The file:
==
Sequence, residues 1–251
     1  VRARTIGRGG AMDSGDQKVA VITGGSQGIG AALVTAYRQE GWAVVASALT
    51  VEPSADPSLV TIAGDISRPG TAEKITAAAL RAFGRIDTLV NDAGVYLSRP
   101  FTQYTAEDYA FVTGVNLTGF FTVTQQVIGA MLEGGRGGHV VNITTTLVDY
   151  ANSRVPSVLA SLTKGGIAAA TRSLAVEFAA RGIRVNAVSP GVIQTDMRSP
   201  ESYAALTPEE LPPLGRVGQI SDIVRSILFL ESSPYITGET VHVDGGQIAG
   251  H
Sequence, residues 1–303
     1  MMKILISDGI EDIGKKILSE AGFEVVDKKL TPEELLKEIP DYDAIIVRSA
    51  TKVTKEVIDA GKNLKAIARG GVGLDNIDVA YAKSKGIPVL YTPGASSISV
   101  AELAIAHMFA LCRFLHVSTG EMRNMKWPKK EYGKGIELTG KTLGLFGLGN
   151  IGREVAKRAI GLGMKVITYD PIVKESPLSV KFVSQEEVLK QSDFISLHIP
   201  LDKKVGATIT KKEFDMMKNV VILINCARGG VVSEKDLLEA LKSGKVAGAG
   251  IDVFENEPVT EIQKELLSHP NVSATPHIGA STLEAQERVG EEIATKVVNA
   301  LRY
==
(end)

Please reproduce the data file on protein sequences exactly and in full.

Sequence, residues 1–251
     1  VRARTIGRGG AMDSGDQKVA VITGGSQGIG AALVTAYRQE GWAVVASALT
    51  VEPSADPSLV TIAGDISRPG TAEKITAAAL RAFGRIDTLV NDAGVYLSRP
   101  FTQYTAEDYA FVTGVNLTGF FTVTQQVIGA MLEGGRGGHV VNITTTLVDY
   151  ANSRVPSVLA SLTKGGIAAA TRSLAVEFAA RGIRVNAVSP GVIQTDMRSP
   201  ESYAALTPEE LPPLGRVGQI SDIVRSILFL ESSPYITGET VHVDGGQIAG
   251  H
Sequence, residues 1–303
     1  MMKILISDGI EDIGKKILSE AGFEVVDKKL TPEELLKEIP DYDAIIVRSA
    51  TKVTKEVIDA GKNLKAIARG GVGLDNIDVA YAKSKGIPVL YTPGASSISV
   101  AELAIAHMFA LCRFLHVSTG EMRNMKWPKK EYGKGIELTG KTLGLFGLGN
   151  IGREVAKRAI GLGMKVITYD PIVKESPLSV KFVSQEEVLK QSDFISLHIP
   201  LDKKVGATIT KKEFDMMKNV VILINCARGG VVSEKDLLEA LKSGKVAGAG
   251  IDVFENEPVT EIQKELLSHP NVSATPHIGA STLEAQERVG EEIATKVVNA
   301  LRY